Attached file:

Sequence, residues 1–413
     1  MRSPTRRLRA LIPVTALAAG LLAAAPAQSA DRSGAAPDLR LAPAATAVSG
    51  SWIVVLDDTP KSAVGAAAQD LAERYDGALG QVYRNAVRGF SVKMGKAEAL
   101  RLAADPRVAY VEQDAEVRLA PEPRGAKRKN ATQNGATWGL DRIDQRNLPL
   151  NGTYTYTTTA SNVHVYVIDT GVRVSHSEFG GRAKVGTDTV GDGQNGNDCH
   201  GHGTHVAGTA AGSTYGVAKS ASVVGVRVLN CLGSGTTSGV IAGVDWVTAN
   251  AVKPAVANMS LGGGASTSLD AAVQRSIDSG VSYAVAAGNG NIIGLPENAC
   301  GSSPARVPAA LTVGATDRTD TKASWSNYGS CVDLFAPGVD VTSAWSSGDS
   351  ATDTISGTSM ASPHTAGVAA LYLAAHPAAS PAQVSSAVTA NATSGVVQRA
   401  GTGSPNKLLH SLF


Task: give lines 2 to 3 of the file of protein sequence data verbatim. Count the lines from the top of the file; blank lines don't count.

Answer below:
     1  MRSPTRRLRA LIPVTALAAG LLAAAPAQSA DRSGAAPDLR LAPAATAVSG
    51  SWIVVLDDTP KSAVGAAAQD LAERYDGALG QVYRNAVRGF SVKMGKAEAL